Nkodo Dang told reporters in Yaoundé today Thursday, May 23, 2019 that the resolution is a breach of a memorandum of understanding that exists between the Pan-African Parliament and the European Parliament.
His remarks came shortly after an audience with the speaker of Cameroon’s National Assembly, Hon. Cavayé Yéguié Djibril.
The Cameroonian born politician says the Pan-African Parliament strongly condemns the move by the legislative body of the European Union and is ready to table the ongoing upheavals in the North West and South West Regions of Cameroon for discussion during the next session of the Pan-African Parliament in Midrand, South Africa.
The President of the Pan-African Parliament used the opportunity to hand to Hon. Cavaye an invitation to attend a forthcoming summit on AIDS and health financing scheduled for Brazzaville this year.
Without stating what provision or the specific memorandum the European Parliament breached, Nkodo Dang simply went in the line of the likes of Senate President, Marcel Niat Njifenji.
Niat had in reacting to the European Parliament resolution on Cameroon said: “The State of Cameroon, deeply attached to its territorial integrity and its unitary and decentralized status, has through its Government spared no effort in providing ideal solutions to the problems faced in the North West and South West Regions ever since the tabling of the unionist and corporatist claims.”
He added that: “the State of Cameroon, open to dialogue, has always taken into account the complaints of all social classes, and provided the appropriate responses.” But Niat failed to state how, when and with whom such dialogue took place and why with all the measures so taken, the crisis remains unending.
“The State of Cameroon has a legislative and parliamentary corpus in compliance with international treaties and agreements. Therefore, and like all other States, it seeks to ensure their respect by all Cameroonian citizens,” Niat added, as if to justify why all those considered political detainees by the European Parliament will not be freed as recommended by the EU legislators.
The resolution on Cameroon had condemned the 2014 anti-terrorism law. “[The European Parliament] expresses concern that the 2014 anti-terrorism law is being misused to restrict fundamental freedoms; supports the requests made by UN experts that the law be reviewed to ensure that it is not used to restrict the rights to freedom of expression, peaceful assembly and association,” the EU MPs had said.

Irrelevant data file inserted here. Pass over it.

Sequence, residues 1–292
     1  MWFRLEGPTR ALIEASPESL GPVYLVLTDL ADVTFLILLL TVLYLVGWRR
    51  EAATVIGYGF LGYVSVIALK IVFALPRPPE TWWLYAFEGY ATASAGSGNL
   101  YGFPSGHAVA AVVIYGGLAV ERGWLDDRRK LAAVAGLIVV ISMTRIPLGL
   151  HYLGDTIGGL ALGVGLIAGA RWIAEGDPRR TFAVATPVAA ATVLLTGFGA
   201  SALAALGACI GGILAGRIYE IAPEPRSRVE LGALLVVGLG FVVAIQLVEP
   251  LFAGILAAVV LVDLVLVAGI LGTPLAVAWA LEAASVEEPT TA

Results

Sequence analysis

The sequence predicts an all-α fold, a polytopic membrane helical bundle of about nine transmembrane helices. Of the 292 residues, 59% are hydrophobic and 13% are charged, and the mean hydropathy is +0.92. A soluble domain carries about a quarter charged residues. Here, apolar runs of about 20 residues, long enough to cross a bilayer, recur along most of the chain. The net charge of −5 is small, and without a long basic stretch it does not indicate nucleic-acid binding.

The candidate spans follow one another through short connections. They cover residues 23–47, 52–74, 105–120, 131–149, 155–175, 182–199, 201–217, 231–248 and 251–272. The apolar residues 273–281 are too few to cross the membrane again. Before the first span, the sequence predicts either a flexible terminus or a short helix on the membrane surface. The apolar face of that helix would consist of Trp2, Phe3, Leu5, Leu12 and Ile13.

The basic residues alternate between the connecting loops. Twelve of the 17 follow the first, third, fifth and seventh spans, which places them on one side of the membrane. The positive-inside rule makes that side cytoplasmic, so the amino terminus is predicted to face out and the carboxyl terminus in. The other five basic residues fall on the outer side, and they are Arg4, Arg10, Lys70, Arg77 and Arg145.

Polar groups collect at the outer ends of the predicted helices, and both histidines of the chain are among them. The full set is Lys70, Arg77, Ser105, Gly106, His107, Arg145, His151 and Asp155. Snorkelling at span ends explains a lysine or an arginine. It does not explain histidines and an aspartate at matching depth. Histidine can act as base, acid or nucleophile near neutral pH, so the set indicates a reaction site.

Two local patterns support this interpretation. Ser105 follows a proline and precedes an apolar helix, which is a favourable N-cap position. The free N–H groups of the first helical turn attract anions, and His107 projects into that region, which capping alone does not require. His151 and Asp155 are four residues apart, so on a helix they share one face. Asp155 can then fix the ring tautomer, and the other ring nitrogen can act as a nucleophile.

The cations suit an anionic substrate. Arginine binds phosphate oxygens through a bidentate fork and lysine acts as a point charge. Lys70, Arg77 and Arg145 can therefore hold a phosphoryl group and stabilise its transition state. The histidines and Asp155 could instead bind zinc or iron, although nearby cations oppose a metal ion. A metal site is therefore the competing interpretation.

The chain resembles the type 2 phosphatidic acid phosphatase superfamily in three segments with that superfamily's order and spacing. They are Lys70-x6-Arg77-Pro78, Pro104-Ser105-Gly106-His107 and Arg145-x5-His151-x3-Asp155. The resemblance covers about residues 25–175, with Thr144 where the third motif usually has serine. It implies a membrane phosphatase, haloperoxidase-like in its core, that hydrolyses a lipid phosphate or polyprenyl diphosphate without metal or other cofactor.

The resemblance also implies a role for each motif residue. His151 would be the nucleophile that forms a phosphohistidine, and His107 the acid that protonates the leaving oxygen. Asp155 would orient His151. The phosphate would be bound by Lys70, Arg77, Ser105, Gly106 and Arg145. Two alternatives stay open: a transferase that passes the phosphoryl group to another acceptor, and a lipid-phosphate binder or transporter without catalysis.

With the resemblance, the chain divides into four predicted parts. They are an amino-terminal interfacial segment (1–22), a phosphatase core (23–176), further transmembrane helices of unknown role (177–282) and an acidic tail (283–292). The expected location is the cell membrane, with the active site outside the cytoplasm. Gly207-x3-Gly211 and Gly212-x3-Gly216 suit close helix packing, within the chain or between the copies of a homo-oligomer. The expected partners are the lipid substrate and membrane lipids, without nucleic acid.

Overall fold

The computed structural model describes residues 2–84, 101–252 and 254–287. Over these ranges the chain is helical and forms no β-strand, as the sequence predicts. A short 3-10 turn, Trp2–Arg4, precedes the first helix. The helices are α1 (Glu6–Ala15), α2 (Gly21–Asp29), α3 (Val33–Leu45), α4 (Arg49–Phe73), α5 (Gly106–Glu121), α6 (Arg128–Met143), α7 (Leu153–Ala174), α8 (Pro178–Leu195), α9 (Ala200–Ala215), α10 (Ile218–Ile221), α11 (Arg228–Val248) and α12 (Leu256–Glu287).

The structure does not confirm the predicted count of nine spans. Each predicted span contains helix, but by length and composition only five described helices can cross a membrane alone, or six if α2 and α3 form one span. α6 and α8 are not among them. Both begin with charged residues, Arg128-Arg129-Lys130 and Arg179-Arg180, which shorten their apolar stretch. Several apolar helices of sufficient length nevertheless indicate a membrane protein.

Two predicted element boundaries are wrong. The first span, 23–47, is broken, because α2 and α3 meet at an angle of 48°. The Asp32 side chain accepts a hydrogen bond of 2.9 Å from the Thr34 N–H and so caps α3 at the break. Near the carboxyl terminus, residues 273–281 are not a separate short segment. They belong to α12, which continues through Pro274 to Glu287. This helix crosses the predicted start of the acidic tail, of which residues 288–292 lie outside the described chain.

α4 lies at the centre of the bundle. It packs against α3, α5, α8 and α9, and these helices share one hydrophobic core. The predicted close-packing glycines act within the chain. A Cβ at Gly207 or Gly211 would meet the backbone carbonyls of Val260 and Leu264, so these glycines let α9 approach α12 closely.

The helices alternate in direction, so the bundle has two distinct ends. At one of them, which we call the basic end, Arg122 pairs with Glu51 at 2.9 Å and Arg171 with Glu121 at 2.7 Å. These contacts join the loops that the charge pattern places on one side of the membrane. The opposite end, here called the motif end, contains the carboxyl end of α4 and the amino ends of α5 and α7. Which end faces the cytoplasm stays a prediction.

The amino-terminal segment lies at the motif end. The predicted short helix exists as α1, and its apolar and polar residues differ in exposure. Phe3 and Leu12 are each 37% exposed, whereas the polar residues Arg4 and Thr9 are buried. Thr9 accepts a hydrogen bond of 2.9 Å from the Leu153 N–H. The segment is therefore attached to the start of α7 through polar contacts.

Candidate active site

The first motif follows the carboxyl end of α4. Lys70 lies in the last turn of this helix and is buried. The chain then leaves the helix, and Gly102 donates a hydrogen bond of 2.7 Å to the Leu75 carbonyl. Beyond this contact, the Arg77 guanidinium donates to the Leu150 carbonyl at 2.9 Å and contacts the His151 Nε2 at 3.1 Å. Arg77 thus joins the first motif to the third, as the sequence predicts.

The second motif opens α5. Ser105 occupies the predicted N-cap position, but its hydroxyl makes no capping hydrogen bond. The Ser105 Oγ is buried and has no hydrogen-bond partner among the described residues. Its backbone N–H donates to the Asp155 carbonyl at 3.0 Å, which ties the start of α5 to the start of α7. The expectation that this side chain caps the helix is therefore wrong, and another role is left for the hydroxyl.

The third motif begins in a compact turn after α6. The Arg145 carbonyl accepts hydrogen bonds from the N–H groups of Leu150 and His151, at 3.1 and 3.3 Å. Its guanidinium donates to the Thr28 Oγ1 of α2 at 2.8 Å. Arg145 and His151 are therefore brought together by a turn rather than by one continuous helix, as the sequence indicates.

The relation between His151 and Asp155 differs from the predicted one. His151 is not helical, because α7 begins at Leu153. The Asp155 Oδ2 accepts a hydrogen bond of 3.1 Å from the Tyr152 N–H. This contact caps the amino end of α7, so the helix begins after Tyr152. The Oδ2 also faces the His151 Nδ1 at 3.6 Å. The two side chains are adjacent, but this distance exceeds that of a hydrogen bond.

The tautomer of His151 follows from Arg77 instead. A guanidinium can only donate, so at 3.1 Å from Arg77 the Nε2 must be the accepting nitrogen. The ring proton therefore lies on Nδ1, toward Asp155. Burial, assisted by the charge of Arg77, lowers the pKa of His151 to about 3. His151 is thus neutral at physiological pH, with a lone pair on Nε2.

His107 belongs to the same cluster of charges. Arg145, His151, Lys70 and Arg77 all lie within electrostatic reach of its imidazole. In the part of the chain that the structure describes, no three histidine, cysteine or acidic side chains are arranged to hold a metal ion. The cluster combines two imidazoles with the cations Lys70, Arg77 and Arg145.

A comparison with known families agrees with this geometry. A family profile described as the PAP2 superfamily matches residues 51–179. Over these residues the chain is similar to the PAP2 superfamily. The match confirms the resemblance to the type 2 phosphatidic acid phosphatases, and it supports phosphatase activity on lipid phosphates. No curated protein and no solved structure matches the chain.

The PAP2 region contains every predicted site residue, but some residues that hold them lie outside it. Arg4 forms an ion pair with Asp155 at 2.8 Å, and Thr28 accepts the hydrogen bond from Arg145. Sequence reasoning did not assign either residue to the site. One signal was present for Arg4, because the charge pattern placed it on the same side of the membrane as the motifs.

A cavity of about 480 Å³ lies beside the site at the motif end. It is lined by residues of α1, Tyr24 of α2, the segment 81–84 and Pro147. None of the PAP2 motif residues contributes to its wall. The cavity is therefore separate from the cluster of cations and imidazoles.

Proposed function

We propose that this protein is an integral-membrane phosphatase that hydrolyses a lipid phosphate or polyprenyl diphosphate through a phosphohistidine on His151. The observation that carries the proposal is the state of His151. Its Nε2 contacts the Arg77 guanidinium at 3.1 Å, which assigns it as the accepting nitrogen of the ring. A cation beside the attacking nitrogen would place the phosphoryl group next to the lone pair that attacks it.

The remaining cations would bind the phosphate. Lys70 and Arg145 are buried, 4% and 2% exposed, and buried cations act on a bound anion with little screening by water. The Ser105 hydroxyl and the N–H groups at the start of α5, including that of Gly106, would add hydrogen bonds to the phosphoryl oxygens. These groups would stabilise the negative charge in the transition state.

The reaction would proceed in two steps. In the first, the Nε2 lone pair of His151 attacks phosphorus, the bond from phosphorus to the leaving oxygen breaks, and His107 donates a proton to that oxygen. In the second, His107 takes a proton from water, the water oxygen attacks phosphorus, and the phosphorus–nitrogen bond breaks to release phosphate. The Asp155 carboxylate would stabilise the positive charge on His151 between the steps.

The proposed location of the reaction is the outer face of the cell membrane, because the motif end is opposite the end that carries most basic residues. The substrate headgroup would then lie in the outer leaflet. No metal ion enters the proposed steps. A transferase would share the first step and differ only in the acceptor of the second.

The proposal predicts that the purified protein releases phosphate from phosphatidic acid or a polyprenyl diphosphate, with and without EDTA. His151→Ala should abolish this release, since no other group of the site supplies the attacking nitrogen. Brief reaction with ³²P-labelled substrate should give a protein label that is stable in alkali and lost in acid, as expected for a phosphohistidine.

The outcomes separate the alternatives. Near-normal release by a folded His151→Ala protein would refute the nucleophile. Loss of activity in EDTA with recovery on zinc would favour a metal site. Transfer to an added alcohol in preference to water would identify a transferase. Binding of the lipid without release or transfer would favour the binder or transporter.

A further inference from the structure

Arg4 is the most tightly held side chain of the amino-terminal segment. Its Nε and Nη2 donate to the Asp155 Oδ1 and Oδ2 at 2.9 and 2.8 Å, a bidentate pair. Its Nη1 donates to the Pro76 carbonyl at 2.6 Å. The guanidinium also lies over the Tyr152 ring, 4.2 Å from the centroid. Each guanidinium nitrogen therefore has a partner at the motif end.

Among others, it had also deplored the violence and discrimination facing the Anglophone community; expressed particular concern over allegations that Government forces are responsible for killings, excessive use of force, and torture; and called on the Government to immediately take all steps to bring an end to the violence and impunity in the country.
The legislative body of the EU also noted with concern the deteriorating situation for internally displaced people; calls in particular for immediate measures by the Government of Cameroon and the international community to protect the security, safety and unhindered access to healthcare and education for children.
It deeply regrets the repressive climate in Cameroon facing opposition parties and supporters, civil society and citizen movements; condemns the arrest and detention of Maurice Kamto and other peaceful protesters; recalls that civilians should not be tried in military courts; calls on the Cameroonian authorities to release Maurice Kamto and the protesters immediately and drop all politically-motivated charges; further calls on the Government of Cameroon to cease all harassment and intimidation of political activists, including the ban on peaceful political gatherings, demonstrations and protests, and to take action to clamp down on instances of hate speech.